I was introduced to public speaking in the fall of 1978. My ninth grade teacher had instructed us to write a speech about “Family Dynamics” which we would all have to recite to the class. Having never done this before I eagerly set out to construct the best speech ever.
When the big day arrived I wasn’t nervous at all—not until the last lunch bell had rung signalling the start of English class. That’s when I began feeling it, that queasy feeling in the pit of your stomach that everyone gets before giving a speech. No sooner had I tried to ignore this I noticed that I was having a little trouble breathing as I waited for my name to be called. As soon as my name escaped my teacher’s lips, I felt this lightning bolt sensation throughout my body. I remember thinking, “Don’t die now, you’ll get a zero,” and with that I somehow willed my legs to move to the front of the class.
I’ll let you in on a little trade secret right now. That lightning bolt feeling is what is commonly known as an adrenaline rush. This is a natural response the body undertakes when placed in a fight or flight situation. If there is no immediate threat, that rush of adrenaline will quickly subside. It’s simply your body’s way of getting prepared for an unexpected experience and public speaking is an experience you are not accustomed to. The neat thing to remember is that the adrenaline rush, on average, lasts about 2.5 minutes and then dissipates, but a lot of speakers don’t know this. They think that those horrible feelings of their heart racing, palms sweating, and mouth drying out to dust are going to last throughout the entire talk. This frightens them even more and causes them to remain longer in that state when all they have to do is wait the 2.5 minutes and they will calm right down without even trying.
Obviously you can’t wait 2.5 minutes in silence after you’ve taken the podium, but just knowing that uncomfortable feeling will eventually stop is all the encouragement some speakers need to just jump right in and begin.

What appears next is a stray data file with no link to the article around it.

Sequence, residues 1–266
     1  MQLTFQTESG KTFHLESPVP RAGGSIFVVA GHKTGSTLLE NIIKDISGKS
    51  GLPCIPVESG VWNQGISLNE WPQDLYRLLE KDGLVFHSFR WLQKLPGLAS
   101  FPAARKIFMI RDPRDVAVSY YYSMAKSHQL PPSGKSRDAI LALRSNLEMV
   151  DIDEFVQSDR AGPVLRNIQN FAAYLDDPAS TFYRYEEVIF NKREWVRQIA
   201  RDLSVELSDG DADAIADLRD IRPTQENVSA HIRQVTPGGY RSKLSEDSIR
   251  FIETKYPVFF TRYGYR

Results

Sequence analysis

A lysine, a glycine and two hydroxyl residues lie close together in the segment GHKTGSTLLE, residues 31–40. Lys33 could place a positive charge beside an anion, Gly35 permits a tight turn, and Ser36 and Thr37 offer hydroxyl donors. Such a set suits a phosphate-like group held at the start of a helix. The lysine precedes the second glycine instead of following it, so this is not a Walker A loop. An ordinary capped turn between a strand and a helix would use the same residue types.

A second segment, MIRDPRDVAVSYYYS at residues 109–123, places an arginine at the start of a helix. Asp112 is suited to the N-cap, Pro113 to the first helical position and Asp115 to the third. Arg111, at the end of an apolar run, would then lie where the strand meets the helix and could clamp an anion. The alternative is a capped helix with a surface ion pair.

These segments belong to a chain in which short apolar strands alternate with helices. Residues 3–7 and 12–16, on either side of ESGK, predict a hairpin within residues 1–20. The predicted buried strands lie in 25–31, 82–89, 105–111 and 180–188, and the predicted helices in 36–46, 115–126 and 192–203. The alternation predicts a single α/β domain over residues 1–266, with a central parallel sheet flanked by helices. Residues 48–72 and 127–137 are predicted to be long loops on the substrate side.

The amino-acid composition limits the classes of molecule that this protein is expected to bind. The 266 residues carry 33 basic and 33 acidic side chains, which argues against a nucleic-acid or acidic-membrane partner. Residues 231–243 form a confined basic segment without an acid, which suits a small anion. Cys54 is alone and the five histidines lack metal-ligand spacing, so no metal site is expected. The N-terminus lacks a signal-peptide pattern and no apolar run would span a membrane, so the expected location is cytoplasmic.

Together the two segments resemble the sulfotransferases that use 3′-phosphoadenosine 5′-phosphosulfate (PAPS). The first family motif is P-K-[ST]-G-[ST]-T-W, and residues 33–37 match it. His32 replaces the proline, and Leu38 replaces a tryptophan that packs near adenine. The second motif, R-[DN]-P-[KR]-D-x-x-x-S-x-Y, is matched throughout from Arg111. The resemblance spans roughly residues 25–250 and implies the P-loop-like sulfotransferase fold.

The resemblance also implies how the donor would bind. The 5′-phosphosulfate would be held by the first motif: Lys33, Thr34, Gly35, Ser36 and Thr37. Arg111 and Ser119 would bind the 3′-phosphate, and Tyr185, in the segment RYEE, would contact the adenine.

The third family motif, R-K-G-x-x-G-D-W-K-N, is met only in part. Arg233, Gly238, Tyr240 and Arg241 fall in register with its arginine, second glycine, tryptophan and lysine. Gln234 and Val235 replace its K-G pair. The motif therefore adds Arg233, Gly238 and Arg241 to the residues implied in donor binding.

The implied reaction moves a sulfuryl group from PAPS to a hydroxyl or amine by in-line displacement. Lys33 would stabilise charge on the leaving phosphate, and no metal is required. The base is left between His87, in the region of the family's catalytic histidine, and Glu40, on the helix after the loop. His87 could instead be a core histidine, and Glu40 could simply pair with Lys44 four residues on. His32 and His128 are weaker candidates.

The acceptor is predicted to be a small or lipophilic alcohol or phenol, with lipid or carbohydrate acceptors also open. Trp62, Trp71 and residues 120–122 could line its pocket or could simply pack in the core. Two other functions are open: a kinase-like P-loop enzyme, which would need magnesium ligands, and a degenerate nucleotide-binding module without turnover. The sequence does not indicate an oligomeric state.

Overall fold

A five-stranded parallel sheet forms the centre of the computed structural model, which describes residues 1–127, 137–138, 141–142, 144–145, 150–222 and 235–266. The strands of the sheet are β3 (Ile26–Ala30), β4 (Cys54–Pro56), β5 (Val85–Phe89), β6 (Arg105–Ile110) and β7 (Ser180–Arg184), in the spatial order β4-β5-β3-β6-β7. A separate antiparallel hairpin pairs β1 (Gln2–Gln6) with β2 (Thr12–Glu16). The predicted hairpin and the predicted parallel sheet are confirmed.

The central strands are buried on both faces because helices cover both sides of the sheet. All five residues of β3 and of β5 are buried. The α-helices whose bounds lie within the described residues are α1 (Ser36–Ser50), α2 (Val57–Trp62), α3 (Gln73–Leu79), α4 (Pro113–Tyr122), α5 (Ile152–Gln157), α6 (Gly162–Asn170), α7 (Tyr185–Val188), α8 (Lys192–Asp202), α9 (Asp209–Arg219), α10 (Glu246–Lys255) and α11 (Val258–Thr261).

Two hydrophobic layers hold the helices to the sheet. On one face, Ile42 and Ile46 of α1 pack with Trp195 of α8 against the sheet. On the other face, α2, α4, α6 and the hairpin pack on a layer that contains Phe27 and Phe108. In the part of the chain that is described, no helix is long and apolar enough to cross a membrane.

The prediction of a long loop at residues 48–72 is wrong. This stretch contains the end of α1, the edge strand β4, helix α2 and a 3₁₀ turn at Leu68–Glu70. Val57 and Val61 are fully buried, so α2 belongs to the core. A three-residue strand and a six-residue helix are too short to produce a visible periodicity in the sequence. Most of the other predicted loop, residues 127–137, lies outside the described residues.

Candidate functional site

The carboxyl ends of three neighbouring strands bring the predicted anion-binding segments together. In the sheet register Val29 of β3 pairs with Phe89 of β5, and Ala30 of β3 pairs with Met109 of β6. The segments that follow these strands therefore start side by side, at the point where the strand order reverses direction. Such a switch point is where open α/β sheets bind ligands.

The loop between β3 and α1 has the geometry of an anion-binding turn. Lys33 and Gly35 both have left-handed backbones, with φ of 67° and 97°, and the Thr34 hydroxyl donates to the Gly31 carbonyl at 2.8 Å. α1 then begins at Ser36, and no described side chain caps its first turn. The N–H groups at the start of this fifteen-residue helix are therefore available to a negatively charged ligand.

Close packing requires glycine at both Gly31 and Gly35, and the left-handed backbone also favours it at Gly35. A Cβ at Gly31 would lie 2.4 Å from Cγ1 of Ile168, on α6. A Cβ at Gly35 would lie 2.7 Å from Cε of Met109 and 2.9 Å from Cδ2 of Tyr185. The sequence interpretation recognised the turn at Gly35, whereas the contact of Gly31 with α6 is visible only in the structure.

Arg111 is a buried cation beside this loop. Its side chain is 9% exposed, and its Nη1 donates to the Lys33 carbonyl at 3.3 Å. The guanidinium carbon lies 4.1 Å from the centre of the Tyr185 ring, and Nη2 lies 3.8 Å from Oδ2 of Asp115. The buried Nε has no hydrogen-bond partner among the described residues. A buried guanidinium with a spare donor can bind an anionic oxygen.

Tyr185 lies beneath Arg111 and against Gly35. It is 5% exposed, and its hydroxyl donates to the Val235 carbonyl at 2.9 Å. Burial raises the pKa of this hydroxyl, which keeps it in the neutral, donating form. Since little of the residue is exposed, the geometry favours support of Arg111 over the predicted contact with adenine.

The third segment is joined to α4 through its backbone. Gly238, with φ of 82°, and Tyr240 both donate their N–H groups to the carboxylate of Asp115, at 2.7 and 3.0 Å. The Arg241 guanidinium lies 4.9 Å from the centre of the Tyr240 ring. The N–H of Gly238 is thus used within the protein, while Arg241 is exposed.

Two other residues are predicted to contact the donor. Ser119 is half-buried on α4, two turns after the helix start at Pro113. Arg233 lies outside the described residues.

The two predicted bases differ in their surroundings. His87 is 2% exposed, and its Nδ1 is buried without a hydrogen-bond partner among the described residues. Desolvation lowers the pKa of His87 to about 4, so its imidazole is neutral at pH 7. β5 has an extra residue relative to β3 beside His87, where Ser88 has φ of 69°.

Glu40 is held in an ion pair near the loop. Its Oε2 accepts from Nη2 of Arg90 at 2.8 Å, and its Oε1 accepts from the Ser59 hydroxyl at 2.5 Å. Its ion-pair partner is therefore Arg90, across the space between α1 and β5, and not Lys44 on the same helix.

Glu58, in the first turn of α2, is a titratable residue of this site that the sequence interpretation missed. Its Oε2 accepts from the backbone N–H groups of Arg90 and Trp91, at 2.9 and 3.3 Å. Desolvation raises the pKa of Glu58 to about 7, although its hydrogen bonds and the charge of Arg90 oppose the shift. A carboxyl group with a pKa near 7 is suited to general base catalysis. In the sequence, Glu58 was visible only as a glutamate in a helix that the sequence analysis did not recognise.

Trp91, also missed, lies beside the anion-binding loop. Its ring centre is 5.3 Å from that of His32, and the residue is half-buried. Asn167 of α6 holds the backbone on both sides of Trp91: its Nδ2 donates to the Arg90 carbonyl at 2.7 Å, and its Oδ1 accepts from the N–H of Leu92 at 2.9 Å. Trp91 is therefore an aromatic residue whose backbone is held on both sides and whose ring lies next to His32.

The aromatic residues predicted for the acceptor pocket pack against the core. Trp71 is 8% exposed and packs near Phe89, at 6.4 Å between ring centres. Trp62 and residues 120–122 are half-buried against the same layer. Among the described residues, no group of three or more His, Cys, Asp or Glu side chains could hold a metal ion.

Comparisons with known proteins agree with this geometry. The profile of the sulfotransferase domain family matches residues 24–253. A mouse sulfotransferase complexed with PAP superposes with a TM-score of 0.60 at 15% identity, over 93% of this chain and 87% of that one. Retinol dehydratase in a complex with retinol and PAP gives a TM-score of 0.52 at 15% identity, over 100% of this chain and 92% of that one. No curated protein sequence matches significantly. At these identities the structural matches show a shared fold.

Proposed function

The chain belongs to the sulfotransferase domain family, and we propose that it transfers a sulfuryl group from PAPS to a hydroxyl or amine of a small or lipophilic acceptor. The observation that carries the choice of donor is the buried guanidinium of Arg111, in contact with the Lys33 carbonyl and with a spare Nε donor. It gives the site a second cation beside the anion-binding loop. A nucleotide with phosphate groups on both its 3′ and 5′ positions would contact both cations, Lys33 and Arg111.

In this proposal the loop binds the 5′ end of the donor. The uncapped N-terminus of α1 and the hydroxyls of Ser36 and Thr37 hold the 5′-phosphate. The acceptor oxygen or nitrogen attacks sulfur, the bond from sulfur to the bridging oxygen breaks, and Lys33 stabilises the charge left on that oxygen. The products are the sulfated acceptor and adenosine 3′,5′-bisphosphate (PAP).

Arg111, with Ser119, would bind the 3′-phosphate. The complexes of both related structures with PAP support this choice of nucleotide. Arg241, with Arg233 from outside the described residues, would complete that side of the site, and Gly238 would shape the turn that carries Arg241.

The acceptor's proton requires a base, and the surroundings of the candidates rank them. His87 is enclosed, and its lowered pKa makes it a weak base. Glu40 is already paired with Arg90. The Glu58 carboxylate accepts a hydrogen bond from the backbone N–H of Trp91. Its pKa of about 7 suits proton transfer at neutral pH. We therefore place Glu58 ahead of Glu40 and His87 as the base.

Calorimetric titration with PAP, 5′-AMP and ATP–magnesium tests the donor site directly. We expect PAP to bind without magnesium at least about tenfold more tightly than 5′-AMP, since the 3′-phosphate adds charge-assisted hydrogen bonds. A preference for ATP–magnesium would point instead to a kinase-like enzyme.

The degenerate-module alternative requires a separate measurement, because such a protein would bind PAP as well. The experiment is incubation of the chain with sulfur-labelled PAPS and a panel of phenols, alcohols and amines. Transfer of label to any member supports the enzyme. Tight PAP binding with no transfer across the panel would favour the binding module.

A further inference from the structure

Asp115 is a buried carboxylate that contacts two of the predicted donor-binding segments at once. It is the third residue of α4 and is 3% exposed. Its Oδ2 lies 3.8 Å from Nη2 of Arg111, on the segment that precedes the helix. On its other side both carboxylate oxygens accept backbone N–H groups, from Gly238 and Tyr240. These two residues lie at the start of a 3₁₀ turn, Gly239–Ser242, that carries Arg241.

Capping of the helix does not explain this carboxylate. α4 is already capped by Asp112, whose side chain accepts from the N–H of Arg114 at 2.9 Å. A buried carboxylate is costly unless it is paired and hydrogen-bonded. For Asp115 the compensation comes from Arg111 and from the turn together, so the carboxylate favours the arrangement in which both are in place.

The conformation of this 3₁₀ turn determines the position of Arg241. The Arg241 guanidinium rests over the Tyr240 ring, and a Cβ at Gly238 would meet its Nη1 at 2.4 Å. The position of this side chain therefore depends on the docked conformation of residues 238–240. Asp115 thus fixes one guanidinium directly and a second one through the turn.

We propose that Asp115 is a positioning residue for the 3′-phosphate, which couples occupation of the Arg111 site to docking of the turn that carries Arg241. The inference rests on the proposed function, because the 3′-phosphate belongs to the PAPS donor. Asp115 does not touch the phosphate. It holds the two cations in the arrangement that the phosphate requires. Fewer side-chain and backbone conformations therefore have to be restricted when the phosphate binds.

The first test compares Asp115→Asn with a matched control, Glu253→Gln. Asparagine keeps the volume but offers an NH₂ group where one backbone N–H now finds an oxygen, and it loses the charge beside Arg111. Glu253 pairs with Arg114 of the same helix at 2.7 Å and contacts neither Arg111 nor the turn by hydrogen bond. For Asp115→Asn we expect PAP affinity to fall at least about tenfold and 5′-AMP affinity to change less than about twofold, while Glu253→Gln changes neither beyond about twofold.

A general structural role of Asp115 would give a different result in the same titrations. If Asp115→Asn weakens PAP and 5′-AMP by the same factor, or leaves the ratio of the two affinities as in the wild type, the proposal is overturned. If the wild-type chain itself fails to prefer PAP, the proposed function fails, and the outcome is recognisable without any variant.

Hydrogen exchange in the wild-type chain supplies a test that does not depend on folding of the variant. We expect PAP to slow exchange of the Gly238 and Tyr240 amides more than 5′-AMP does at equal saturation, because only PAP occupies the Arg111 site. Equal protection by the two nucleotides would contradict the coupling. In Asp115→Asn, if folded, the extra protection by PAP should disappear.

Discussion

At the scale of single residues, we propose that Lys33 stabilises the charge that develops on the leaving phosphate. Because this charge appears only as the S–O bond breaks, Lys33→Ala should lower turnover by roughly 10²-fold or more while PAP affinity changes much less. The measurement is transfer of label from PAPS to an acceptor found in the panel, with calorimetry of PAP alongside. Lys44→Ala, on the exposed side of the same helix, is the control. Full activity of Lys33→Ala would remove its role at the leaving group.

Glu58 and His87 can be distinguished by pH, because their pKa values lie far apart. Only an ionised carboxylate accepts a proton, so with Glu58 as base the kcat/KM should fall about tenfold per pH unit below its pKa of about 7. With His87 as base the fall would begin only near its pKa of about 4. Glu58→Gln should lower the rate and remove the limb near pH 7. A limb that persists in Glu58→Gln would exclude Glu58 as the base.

I often teach my students in public speaking to position themselves at the back of the room if they suspect they may be called on to speak. This way, when they are called up to the front of the class or the stage, the walk from the back of the room helps those 2.5 minutes go by a little quicker. The walk also gives them ample time to take a few deep breathes to help calm their nerves.
Ask anyone who has ever spoken in front of a group of people and they will tell you the hardest part is “getting started.” Once they’ve begun their presentation, the body relaxes and the dialogue just seems to flow. The trick is not to let those 2.5 minutes freak you out of giving a public talk ever again.
That 2.5 minute walk to the stage—or the front of the room—also helps remind you that you are about ready to talk on a subject that you know inside and out. Or at least that’s the idea. When you speak about a subject you know, the talk can’t help but go swimmingly because your confidence in the subject matter propels you forward.
This is often why you will see some speakers so charged up about their subject matter because they know the feeling of confidence and mastery that comes from speaking about what they know which inspires them to do it again. Next thing you know, speaking about what you know will be something you love to do! Enthusiasm is contagious and you will infect your audience with energy and excitement at the same time. What a win-win situation!
Grasp the subject, the words will follow.